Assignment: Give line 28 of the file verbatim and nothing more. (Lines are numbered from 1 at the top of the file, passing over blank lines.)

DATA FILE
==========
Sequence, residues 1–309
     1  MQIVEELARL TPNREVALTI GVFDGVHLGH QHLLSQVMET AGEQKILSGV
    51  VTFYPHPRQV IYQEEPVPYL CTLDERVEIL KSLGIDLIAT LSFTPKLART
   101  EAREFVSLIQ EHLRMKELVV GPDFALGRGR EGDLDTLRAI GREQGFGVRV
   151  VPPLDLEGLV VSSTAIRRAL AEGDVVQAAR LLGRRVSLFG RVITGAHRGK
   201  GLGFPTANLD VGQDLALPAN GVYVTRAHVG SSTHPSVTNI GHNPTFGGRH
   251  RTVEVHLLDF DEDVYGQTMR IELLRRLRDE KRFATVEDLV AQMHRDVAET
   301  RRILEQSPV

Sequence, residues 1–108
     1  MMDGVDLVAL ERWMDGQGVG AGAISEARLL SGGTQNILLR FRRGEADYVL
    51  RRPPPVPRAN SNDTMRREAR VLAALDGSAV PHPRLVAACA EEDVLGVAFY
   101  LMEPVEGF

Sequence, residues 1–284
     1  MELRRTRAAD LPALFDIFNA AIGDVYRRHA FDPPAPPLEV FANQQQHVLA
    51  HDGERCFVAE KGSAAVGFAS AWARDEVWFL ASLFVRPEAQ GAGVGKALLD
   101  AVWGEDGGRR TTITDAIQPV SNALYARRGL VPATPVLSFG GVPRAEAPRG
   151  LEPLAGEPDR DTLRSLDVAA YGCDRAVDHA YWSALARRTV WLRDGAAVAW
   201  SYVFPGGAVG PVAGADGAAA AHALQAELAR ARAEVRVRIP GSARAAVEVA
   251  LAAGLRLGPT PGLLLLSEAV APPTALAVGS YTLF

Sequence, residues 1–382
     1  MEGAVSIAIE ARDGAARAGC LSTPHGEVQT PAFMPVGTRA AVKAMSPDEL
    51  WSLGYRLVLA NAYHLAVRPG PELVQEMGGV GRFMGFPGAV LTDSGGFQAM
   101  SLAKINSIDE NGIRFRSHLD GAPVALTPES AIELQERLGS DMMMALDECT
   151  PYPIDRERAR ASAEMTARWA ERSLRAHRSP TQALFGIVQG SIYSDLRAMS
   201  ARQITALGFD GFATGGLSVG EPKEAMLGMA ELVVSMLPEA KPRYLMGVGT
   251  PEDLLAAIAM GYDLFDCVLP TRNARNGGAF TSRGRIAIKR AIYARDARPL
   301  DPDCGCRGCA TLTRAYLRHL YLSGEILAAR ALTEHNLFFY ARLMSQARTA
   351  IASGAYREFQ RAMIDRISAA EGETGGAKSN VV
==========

   351  IASGAYREFQ RAMIDRISAA EGETGGAKSN VV